We will be replying back to my peer Lula. We have vampires because humans have c

by | Aug 1, 2022 | Humanities


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We will be replying back to my peer Lula.
We have vampires because humans have created them in mythological folklores and tales. There is a sense of excitement that humans get from creating stories of monsters and vampires. These fictional stories of the living dead give wonder and thrill to our humanity for frightening entertainment that makes the heart race. Somehow being scared can also be fun in cultures and that is why we have vampires.

Vampires have evolved creatures that lurked in the night killing and eating all humans they wanted, beautiful sexual goddesses and handsome sculpted figures. “Male and female vampires are both heavily sexualized” (Forry 241). They no longer only live in dark caves and lurk in dark shadows. Vampires now walk amongst the living. They have better self-control regarding their thirsting desires for human blood. They hunt animals for blood now to preserve human life. They even have a blood bank where they can just drink “stored blood preserved in his refrigerator for substance, rather than going out for something fresher” (Preston 159). They have evolved in the way they live in society. “Vampires can either control their feeding habits, or not” (Preston 157). They live much like humans in that they have houses next to us, they go to work like us, they go to school, and now they even date humans. The vampires put a period on their lives and how long they can live in a place before it is time for them to relocate.

Vampires influence our culture in that they are fearless and so they make us brave because they are. Humans do not like to be outdone so we must be stronger and braver than vampires. Humans train and workout to become fit and beautiful in comparison to vampires. “The body of an ordinary man would be sculpted into the body of a soldier through physical training” (Forry 239). Vampires influence humans especially in the aspect of ageless beauty and wanting to live forever. For example, in The Lost Boys, one character who already is a vampire celebrates and promotes to another character the benefits of becoming a vampire. “You’ll never grow old, Michael, and you’ll never die” (Preston 159).

They inform humanity about our immoral indiscretions and the cause and effects from our bad actions. Humans know that it is wrong to kidnap, torture, and kill, yet there are humans that still choose to do these horrific acts. “Any human being performing such actions would be considered morally despicable and rightly so” (Drager 119). Often vampires are portrayed as the excursioners of the vigilantes in society. Humans see this as justice and helping the communities however, others see death by vampire as the worst kind of punishment. “But most civilized societies recognize that even the moral scum of the earth deserve certain basic protections” (Draeger 124). Humans have created vampires to show a depiction of what monsters/vampires do and that humans do not act this way. “Indeed, holding people accountable for their wrongdoing demonstrates that we respect their ability to behave better” (Drager 126).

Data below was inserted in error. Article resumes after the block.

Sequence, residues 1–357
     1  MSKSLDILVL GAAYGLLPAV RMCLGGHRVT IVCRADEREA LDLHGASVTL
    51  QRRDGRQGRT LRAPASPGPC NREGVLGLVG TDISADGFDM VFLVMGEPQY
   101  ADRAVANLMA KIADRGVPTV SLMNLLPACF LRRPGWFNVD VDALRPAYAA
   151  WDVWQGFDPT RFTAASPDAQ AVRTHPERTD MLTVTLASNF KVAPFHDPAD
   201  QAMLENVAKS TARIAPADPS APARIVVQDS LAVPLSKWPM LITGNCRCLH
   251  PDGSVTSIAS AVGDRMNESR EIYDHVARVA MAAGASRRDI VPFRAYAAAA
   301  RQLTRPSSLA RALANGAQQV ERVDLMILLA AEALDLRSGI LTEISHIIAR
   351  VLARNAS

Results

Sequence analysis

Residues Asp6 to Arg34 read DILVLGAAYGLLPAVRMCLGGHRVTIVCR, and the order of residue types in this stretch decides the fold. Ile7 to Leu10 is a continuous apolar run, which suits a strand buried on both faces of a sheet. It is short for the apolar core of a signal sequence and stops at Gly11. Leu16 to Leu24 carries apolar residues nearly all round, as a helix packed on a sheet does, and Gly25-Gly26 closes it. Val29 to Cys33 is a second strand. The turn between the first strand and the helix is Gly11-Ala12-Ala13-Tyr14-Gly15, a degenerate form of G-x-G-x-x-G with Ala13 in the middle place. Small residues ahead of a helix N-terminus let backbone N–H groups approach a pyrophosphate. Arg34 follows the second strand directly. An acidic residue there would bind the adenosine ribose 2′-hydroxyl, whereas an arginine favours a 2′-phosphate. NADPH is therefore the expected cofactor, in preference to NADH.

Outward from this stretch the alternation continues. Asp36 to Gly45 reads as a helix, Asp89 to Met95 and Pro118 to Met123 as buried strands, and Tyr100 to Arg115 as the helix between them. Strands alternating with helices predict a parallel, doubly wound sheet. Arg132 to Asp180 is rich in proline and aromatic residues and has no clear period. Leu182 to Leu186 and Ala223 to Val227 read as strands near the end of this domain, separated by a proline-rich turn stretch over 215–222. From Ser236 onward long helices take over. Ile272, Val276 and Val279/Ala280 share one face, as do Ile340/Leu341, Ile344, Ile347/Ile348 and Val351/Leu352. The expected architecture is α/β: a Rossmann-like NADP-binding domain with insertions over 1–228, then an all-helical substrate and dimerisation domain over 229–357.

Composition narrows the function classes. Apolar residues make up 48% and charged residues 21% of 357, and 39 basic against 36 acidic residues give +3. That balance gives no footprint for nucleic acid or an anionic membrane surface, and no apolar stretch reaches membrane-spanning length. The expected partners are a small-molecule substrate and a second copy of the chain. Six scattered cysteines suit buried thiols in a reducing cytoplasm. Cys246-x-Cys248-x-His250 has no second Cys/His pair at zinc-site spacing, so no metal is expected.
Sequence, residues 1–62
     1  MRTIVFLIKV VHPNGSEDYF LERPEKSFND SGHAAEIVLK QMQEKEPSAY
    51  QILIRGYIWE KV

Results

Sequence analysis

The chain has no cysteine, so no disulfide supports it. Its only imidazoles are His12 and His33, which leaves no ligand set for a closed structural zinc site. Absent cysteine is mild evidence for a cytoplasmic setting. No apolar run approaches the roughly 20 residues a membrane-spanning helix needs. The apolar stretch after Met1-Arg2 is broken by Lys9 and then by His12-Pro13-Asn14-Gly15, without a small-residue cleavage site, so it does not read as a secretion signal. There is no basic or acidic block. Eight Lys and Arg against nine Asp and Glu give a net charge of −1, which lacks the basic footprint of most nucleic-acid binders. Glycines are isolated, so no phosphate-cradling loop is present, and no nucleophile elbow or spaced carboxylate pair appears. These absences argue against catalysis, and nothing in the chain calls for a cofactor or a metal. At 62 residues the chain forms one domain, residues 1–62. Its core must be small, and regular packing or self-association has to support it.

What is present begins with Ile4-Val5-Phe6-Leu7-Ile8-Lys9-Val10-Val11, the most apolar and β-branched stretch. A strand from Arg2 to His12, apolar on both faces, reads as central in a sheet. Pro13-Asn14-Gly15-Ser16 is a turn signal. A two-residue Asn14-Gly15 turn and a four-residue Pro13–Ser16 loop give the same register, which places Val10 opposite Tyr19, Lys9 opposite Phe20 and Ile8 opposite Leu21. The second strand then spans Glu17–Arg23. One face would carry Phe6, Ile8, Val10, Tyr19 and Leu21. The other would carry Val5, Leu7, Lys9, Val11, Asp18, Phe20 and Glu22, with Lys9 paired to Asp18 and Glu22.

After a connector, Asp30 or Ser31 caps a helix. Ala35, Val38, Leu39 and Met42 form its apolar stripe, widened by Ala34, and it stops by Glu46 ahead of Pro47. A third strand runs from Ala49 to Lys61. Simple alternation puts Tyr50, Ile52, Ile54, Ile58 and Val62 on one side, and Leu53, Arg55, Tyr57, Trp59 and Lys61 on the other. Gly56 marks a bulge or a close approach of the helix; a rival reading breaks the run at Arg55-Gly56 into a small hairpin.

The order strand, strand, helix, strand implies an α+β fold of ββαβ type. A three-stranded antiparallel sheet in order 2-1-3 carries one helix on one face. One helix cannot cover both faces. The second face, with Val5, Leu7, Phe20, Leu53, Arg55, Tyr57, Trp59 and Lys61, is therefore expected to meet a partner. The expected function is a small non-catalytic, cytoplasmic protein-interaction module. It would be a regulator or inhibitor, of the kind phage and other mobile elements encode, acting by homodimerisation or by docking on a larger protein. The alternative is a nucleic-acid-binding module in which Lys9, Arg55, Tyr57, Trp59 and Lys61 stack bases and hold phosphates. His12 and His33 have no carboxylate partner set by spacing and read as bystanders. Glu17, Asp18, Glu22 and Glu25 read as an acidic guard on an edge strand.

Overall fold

Vampires symbolize beauty, everlasting life, family bonds, fear, strength, and so much more. The vampire in the movie Interview with the Vampire says, “We must be powerful, beautiful, and without regret” (Forry 237). It is known that vampires symbolize beautiful, and that vanity is a huge part of their lifestyles. They do not have to work hard to become beautiful because their constant diet of blood help rejuvenates their youthful appearance. In films the vampires that do not maintain their appearance and upkeep are usually exiled or considered beneath the more beautiful superior vampires. These amazing creatures are like no other. They look like humans, but they are stronger than humans. The strength that they exhibit causes humans to at time feel inferior to them. “Vampires are powerful not only because they inspire fear and terror in the living, but also because they escape from the troublesome human burdens of aging and sickness” (Forry 237).
Word Count: 673

Work Cited

Draeger, John. Should Vampires Be Held Accountable for Their Bloodthirsty Behavior? Greene, Richard, Ed. Zombies, Vampires, and Philosophy: New Life for the Undead Open Court, 2010, pp. 119–127.

Forry, Joan Grassbaugh. Powerful, Beautiful, and without Regret”: Femininity, Masculinity, and the Vampire Aesthetic., 2006, pp. 237–247.

Preston, Ted M. Deserving to Be a Vampire: The Ethical and Existential Elements of Vampirism. 2010.
Student must respond with the same academic rigor as first post (see example on syllabus)
All posts must use, quote, and *cite the required and professor provided scholarly readings.
All posts should be a minimum of 150 words, excluding quoted material and citations.
*Citing the reading means using proper MLA in-text citations and a proper Works Cited for each post. Review proper MLA here
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